Lip service to utility transparency

Transparency — a critical aspect of good governance that applies to a rate-regulated monopoly — was a casualty in the Alliant/IPL rate decision, gaining impressive lip service but little action.

I agreed to be a witness in the recent proposed rate increase by Alliant Energy (officially, Interstate Power & Light or IPL). The decision by the Iowa Utilities Board (IUB) was announced today (January 9, 2020).

The Winneshiek Energy District partners with IPP on energy issues. They were able to get the City of Decorah, Luther College, a local hospital and large retirement home to join them in forming the Decorah Area Group (DAG), which intervened in the rate case. DAG hired witnesses and worked to change the amount the company was proposing in rates.

DAG and other intervenors made some headway in the case. The total amount of increase was cut from $204 million to $127 million. Alliant was not able to punish residential customers like me who have solar panels or large solar users like Luther College. That was good.

But transparency — a critical aspect of good governance that applies to a rate-regulated monopoly — was a casualty, gaining impressive lip service but little action.

DAG was the main intervenor group to call for punishment to the company for misrepresenting their future rate increase plans when the city of Decorah tried to form a municipal utility. The vote in 2018 went down to defeat by just four votes. It might have passed if customers knew that Alliant was about to propose a 25 percent increase in rates. The $127 increase amounted to only 15 percent but still, the company had promised the citizens of Decorah to increase rates by about one percent per year.

The IUB talked about this mischaracterization of the facts in a section on Management efficiency, finding:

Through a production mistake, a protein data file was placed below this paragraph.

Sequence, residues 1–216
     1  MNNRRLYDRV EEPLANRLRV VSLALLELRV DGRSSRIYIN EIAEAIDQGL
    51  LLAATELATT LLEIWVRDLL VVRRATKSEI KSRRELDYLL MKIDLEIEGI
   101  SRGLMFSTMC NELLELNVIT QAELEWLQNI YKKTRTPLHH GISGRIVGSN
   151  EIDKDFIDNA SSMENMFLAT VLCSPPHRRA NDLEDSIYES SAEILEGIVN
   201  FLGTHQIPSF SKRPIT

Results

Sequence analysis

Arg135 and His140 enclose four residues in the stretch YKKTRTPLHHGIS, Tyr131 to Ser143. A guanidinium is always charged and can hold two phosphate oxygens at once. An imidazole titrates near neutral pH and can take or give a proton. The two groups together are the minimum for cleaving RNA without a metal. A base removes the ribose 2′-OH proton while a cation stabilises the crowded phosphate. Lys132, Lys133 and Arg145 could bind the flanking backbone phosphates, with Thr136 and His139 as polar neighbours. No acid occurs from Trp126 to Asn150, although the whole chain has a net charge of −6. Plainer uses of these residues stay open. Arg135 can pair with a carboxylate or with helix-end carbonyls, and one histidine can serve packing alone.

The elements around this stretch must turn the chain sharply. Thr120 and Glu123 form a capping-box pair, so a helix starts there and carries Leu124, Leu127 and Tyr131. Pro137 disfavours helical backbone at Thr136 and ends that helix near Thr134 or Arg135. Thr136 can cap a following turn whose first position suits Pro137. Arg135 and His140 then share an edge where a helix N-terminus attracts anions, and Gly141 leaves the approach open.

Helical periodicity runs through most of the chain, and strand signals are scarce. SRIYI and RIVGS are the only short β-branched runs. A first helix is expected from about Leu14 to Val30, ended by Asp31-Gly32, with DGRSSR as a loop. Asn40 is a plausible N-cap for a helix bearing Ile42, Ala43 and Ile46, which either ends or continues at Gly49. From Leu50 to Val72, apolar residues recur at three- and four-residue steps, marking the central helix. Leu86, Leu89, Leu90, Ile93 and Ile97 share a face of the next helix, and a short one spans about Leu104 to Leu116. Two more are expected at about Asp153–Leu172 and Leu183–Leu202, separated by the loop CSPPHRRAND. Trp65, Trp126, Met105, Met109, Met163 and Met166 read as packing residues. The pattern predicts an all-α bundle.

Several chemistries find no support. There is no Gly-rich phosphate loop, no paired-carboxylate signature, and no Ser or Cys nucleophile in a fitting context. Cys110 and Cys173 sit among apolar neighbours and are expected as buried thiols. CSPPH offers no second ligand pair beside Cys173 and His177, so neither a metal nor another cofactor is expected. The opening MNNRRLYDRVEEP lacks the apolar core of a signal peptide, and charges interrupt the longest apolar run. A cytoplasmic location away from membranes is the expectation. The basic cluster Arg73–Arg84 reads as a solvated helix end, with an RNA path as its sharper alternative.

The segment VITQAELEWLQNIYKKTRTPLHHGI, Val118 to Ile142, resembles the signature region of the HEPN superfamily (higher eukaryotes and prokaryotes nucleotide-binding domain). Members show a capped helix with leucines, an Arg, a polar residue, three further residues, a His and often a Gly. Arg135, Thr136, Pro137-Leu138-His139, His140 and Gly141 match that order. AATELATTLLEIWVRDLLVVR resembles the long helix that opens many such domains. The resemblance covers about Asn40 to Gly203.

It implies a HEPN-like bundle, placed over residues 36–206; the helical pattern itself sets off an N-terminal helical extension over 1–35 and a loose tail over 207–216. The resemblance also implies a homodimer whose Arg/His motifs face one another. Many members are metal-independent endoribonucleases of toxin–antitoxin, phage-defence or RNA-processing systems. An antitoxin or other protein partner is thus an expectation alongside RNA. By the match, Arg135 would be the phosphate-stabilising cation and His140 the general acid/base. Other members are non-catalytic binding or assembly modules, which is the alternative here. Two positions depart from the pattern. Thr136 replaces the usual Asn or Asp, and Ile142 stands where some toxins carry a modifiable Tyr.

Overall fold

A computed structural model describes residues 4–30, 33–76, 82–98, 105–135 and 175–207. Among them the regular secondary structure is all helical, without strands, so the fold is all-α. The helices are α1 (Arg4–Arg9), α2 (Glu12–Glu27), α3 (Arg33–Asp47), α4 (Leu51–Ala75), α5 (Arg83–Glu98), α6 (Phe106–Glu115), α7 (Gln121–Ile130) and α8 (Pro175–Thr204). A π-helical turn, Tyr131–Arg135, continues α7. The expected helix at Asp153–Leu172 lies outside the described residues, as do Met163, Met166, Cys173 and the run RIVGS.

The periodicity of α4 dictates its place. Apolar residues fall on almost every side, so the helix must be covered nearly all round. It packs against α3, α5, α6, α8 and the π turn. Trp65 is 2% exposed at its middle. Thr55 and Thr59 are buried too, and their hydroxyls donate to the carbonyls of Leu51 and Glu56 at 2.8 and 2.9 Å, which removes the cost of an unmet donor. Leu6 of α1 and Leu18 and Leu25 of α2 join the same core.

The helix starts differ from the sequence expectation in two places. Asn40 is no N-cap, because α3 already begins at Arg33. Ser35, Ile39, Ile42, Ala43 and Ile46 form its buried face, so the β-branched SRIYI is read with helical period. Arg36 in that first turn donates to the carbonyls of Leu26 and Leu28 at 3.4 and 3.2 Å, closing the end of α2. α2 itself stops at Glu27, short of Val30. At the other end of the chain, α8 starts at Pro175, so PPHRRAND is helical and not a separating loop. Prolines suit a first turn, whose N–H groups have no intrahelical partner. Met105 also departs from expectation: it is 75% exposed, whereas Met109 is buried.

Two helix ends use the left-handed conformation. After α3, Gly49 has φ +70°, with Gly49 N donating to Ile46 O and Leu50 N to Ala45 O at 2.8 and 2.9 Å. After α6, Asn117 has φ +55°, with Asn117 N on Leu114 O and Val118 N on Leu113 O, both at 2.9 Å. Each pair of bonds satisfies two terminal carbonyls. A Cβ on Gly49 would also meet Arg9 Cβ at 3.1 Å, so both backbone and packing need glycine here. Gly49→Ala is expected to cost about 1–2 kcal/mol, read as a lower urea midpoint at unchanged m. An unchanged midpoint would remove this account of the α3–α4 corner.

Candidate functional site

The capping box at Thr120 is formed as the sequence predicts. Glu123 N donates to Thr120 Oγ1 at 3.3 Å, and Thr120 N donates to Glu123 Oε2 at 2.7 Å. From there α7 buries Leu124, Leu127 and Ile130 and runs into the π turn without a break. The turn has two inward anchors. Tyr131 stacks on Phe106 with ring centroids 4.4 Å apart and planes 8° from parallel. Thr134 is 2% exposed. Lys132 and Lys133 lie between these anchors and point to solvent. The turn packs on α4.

“(T)he actions taken by IPL in opposition to the Decorah municipalization effort demonstrate a lack of management efficiency by withholding from and not providing to the citizens of Decorah accurate information about anticipated rate increases. Because a rate-regulated electric utility is a monopoly in its service territory, it has the duty to be transparent and to provide accurate information to customers and communities in that service territory. The evidence in this case regarding IPL’s behavior during the Decorah municipalization campaign shows that IPL did not fulfill this responsibility and failed to meet the expected standard of conduct for a regulated monopoly.”

Great words, right? But that was all. There was no punishment, no reduction in the rate increase (Revenue Requirement) below the $127 million. The company profit was not reduced.

That got under the skin of one of the three board members, Commissioner Richard Lozier, who in a dissent stated:

“The majority’s position is unacceptable. Instead, the Board should reduce the level of IPL’s profit or adjust the revenue requirement until IPL demonstrates it has corrected its inefficient operations.”

I agree with the Commissioner. Decorah can try to municipalize again in two years. When and if they do you can be sure Commissioner Lozier’s words will be used by the proponents who want to buy out IPL and run a more efficient electric company.

David Osterberg is founder, former executive director and lead researcher at the nonpartisan Iowa Policy Project.

dosterberg@iowapolicyproject.org

Also: Hear David Osterberg’s interview on “The Devine Intervention” with KVFD’s Mike Devine.

Author: iowapolicypoints

The Iowa Policy Project is a nonprofit, nonpartisan organization that provides research and analysis to engage Iowans in state policy decisions. We focus on tax and busget issues, the Iowa economy, and energy and environmental policy. By providing a foundation of fact-based, objective research and engaging the public in an informed discussion of policy alternatives, IPP advances effective, accountable and fair government.

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